The End of the Affair (1955 film)
|The End of the Affair|
|Directed by||Edward Dmytryk|
|Produced by||David Lewis|
|Screenplay by||Lenore Coffee|
|Based on||The End of the Affair|
by Graham Greene
|Music by||Benjamin Frankel|
|Edited by||Alan Osbiston|
|Color process||Black and white|
|Distributed by||Columbia Pictures|
The End of the Affair is a 1955 British-American drama romance film directed by Edward Dmytryk, based on Graham Greene's 1951 novel of the same name. The film stars Deborah Kerr, Van Johnson, John Mills and Peter Cushing. It was filmed largely on location in London, particularly in and around Chester Terrace. The film was entered into the 1955 Cannes Film Festival.
Writer Maurice Bendrix (Van Johnson) settles in London in 1943-44 after being wounded in the war. His affair with Sarah Miles (Deborah Kerr), wife of civil servant Henry Miles (Peter Cushing), “grows into a deep and abiding passion”. Maurice becomes jealous. He wants to marry, but she won't leave Henry, yet.
The house Maurice lives in is hit by a buzz bomb. He revives, pulls himself from rubble to find Sarah kneeling on the floor of his room. “You. Oh God, Maurice, You're alive!” she cries. As she tends the wounds on his face, he asks why she was kneeling. She was praying. She was certain he was dead. He says he wasn't pinned down, and describes “such an odd sensation...a terrific sense of space and distance, like I'd been on a long journey.” She stares at him, her face wet with tears, then leaves abruptly. “Will I see you tomorrow?” he asks. “I don't know... It may not be safe,” she says. “Don't look so frightened, love doesn't end because we don't see each other.” She shuts the door and he runs after her to find the street empty. Maurice suffers from delayed shock and is bedridden for several days. When he recovers, he tries to reach Sarah, in vain, and his “jealousy turns to hate”.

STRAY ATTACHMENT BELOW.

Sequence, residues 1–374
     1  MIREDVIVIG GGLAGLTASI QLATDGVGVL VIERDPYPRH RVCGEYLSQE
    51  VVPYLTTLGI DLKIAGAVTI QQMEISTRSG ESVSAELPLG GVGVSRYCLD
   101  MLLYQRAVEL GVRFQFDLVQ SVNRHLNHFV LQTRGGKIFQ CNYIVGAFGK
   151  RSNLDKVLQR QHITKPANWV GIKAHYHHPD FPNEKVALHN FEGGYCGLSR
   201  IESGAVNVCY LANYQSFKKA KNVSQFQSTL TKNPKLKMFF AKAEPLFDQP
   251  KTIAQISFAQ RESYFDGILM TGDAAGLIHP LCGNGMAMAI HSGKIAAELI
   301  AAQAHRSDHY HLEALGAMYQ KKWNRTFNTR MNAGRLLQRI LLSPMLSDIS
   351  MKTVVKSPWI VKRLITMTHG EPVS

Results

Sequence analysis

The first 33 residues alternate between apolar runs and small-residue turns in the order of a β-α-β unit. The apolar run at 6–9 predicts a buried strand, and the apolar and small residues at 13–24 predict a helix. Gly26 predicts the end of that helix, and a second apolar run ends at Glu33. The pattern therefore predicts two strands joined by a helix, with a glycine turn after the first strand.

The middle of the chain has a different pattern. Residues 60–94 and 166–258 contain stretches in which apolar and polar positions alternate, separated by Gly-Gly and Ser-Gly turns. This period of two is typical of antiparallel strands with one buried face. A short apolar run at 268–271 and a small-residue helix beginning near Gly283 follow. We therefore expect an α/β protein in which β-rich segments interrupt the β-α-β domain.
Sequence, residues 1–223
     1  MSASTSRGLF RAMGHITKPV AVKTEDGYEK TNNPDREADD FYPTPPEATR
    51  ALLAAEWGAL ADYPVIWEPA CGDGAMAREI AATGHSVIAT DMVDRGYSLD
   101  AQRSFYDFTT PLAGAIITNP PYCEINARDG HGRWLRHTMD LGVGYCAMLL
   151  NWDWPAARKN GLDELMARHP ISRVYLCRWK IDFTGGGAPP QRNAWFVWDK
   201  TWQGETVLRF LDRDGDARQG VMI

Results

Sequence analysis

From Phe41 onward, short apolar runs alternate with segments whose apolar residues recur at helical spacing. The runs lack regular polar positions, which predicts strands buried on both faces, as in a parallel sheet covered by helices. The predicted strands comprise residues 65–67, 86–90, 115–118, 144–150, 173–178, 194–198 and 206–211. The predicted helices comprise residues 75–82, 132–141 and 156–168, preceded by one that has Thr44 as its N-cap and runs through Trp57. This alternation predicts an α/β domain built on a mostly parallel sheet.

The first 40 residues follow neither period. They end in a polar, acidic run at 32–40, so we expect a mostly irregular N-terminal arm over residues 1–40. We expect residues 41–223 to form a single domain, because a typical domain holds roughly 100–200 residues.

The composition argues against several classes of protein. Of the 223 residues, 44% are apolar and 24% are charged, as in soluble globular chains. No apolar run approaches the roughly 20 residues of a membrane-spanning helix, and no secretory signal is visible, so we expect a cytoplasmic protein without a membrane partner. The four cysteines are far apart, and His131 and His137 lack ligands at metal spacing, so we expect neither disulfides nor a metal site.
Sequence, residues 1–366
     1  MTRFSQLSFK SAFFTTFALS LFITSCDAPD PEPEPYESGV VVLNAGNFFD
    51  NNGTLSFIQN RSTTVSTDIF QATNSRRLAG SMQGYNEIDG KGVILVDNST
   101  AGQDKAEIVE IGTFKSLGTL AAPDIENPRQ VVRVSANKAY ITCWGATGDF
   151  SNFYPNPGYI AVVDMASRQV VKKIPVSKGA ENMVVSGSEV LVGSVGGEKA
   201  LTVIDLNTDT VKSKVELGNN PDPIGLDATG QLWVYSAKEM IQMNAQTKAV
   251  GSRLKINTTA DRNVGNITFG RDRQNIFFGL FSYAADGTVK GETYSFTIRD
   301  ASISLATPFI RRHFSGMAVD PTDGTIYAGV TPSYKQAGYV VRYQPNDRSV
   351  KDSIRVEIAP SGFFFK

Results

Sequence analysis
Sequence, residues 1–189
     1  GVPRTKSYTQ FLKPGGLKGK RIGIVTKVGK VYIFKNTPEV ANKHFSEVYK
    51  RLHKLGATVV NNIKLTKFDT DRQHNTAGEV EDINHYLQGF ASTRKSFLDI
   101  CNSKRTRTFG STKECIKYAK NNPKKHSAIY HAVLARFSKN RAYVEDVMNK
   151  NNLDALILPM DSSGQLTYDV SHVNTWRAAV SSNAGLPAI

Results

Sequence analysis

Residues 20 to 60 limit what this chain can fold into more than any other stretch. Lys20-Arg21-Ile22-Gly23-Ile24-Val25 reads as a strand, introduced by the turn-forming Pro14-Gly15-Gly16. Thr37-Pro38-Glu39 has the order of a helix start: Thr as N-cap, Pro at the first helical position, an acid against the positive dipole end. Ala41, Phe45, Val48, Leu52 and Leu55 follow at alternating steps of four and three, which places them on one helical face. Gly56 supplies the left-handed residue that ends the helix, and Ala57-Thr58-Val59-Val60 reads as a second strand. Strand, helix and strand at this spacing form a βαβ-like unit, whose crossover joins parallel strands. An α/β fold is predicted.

A year later, the war is over. Maurice struggles with his book and his hate for Sarah. One rainy night, he sees Henry: “It was as if a hand plucked at my elbow...and said ‘speak to him'.” Henry is worried about Sarah, and invites Maurice home for a drink. Sarah, who "is out at all hours," returns home soaking wet, and is vague and detached with both of them.
Maurice confronts Sarah, who takes all the blame. Partridge (John Mills), a private investigator, reports to Maurice in the darkened flat. He describes Maurice's meeting with Sarah in detail, interpreting it as a final parting and describing Sarah as “looking ready to weep her eyes out.” Maurice reveals himself, saying the parting was long ago.
Sarah has been visiting an R. Smythe. Partridge has the bottom of a discarded note in Sarah's handwriting that ends “nothing matters except that we should be together, now and forever.” Partridge obtains Sarah's journal, observing that she appears to be very ill.
Maurice reads the journal. We hear Sarah's voice describing the past year. Maurice lies in the rubble, under a door. She takes his hand, then returns to the apartment. Weeping, she prays: "I love him, I'll do anything...“I'll give Maurice up forever, only just let him be alive!” Maurice calls her name. She plans to tell him about her "hysterical" promise, but then he seems to remember what it was like to be dead. “Now the agony of being without you starts," she writes. Sarah confides in a Catholic priest. At home, Henry tells her that Maurice has been taken to hospital with delayed shock...